A handful of people gathered at the corner of Broadway and Junipero Avenue Thursday afternoon for the public unveiling of the first updated rainbow crosswalk, which now features new colors taken from the progress pride flag.
That flag, which adds a five-striped chevron to the left side of the rainbow covered pride flag, is meant to celebrate the diversity of the LGBTQIA+ community and calls for a more inclusive society. The progress pride flag was created in 2018 by American artist and designer Daniel Quasar and incorporates elements of the original 1978 design by Gilbert Baker and the transgender flag created by Monica Helms in 1999.
Mia Farrow, a local drag queen and activist who attended the event, said the rainbow crosswalks send the message that, “everyone belongs in Long Beach.”
“For so many years we continued to be oppressed, and even now as things are going in what seems like regressing, we have to be a lot more vocal, visible and we have to stand for our allies,” she said. “This to me lets me know that there are people within my city that will always have my back.”
The city first introduced the rainbow-striped continental crosswalks in 2016 to the Broadway Corridor as a way to symbolize pride for the LGBTQIA+ community while creating safer intersections for pedestrians, cyclists and drivers. Crosswalks on the Broadway Corridor at Junipero, Cherry, Falcon and Orange avenues were all painted as part of a vision by then-Councilmember Suja Lowenthal.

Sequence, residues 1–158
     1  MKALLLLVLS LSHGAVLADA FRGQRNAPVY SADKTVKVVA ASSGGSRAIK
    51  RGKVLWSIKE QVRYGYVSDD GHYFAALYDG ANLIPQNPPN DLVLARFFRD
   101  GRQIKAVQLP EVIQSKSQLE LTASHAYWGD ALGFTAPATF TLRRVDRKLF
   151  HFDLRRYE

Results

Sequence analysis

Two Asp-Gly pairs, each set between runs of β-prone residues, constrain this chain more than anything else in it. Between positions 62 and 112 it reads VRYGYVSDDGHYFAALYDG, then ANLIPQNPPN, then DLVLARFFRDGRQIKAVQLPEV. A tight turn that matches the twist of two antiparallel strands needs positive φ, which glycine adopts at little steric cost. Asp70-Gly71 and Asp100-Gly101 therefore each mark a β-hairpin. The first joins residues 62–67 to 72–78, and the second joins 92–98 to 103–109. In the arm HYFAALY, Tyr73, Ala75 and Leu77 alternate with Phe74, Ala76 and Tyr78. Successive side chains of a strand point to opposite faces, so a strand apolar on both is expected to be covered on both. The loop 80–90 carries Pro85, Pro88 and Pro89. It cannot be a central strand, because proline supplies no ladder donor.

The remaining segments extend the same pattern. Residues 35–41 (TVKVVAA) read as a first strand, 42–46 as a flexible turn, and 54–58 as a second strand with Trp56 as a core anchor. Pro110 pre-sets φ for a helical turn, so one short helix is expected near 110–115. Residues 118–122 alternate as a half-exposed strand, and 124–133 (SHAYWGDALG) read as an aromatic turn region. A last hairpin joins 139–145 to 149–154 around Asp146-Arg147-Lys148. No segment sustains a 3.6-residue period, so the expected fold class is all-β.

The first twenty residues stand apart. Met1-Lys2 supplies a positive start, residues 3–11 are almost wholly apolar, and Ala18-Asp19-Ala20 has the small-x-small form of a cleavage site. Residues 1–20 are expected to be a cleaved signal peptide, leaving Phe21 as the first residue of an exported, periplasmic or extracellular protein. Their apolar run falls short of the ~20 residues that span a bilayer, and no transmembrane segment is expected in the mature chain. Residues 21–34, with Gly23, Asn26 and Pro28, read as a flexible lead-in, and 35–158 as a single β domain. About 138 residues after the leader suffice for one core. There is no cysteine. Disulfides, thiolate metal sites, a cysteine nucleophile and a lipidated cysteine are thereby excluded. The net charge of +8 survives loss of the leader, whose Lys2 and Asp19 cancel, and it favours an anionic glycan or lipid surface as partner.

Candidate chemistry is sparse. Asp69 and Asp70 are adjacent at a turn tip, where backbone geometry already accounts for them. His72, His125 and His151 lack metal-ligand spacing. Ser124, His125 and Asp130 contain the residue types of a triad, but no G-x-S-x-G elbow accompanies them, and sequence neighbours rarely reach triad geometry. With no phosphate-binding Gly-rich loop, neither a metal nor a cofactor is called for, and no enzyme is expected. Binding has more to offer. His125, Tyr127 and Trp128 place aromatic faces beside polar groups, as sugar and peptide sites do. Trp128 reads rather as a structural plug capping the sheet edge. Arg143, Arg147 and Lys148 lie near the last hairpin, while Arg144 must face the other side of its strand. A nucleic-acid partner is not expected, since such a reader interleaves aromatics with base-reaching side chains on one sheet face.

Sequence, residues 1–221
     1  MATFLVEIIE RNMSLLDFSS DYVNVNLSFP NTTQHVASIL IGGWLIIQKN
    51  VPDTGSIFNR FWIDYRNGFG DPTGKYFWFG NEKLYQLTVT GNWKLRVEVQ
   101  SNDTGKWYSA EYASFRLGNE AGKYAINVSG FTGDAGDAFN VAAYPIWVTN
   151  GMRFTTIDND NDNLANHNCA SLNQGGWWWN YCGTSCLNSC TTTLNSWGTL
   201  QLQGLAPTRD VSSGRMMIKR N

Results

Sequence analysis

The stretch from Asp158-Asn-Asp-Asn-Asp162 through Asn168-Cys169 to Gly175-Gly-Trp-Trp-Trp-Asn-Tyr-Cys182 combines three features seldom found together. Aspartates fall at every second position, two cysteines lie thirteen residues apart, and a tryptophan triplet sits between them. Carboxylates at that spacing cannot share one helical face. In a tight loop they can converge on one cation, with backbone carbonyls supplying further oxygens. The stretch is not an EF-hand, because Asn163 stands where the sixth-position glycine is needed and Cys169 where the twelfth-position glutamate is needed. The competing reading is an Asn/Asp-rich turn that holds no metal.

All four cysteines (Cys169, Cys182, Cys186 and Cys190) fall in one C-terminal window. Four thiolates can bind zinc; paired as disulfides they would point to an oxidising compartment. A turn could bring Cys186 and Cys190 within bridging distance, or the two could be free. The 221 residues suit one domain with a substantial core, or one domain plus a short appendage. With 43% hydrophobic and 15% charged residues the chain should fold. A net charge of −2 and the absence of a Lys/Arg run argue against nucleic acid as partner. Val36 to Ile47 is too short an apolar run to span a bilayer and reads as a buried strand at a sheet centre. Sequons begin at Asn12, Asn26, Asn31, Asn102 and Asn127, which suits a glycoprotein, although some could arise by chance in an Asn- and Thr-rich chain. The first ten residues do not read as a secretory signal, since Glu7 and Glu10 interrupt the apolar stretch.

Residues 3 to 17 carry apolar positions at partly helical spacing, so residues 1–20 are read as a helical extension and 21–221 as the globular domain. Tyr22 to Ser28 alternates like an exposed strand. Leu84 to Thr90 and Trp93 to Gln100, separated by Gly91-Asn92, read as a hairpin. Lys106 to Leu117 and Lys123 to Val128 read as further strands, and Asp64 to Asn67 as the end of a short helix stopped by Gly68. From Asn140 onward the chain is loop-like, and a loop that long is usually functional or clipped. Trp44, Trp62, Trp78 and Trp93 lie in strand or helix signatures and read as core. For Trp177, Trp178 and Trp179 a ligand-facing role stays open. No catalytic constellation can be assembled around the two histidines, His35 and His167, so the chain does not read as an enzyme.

On Thursday, the Broadway and Junipero crosswalks became the first of five intersections to be updated with new colors: black and brown stripes to represent marginalized LGBTQIA+ communities of color and pink, light blue and white to include components of the transgender pride flag. Newport, Cherry, Falcon and Orange Avenues will also be updated during the first week of July, city officials said.
“We do have a very big gay community, a very big trans community,” Farrow said. “We’re finally being seen, we’re not getting ostracized anymore.”
Earlier this month, Mayor Robert Garcia, the city’s first openly gay mayor, proposed to officially recognize the Broadway Corridor—with its rainbow crosswalks and Pride flags flapping in the wind outside of LGBTQIA+-owned businesses—as a cultural district.
“Clearly identifying the Broadway Corridor as a space that has a significance to the community,” Garcia said then. “Everyone knows it as the heart of the LGBTQ community but if there’s a way to make sure that history is preserved, that’s what we’re trying to do.”
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